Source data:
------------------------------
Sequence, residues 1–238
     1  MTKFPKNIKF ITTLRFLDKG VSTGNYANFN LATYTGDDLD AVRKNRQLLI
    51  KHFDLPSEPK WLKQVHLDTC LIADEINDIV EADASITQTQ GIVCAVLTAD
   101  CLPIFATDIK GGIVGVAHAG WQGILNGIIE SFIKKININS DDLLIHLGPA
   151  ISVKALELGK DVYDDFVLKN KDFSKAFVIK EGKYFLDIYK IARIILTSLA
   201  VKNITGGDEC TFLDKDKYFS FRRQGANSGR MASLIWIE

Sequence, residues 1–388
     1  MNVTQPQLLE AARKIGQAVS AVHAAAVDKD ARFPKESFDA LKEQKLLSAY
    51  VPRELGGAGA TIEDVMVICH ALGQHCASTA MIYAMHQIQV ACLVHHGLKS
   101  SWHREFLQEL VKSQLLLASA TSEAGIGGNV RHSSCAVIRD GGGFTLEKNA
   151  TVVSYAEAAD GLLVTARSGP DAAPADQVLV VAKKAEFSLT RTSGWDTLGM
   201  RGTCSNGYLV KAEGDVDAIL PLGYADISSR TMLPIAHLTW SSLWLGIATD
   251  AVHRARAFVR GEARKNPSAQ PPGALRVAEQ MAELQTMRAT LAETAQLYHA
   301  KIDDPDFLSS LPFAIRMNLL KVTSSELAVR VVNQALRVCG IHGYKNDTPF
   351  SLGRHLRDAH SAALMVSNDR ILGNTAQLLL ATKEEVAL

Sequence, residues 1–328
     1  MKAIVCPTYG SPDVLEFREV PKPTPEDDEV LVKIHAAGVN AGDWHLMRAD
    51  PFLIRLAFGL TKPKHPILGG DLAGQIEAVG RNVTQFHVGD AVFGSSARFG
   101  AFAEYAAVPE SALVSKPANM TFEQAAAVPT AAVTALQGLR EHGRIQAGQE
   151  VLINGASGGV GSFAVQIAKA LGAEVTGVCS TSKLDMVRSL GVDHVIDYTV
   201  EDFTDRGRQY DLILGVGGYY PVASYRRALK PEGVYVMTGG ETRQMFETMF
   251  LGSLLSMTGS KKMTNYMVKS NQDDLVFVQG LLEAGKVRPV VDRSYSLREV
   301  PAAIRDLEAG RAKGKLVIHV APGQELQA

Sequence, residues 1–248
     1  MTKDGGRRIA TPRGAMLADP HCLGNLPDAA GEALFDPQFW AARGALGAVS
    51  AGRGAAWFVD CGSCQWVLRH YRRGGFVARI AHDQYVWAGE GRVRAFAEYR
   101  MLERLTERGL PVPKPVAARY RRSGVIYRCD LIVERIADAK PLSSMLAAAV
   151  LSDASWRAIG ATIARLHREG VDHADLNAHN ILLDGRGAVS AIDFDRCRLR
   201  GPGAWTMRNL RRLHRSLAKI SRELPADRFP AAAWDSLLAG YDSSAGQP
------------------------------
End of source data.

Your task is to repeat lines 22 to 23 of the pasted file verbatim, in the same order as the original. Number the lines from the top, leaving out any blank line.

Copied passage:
   251  LGSLLSMTGS KKMTNYMVKS NQDDLVFVQG LLEAGKVRPV VDRSYSLREV
   301  PAAIRDLEAG RAKGKLVIHV APGQELQA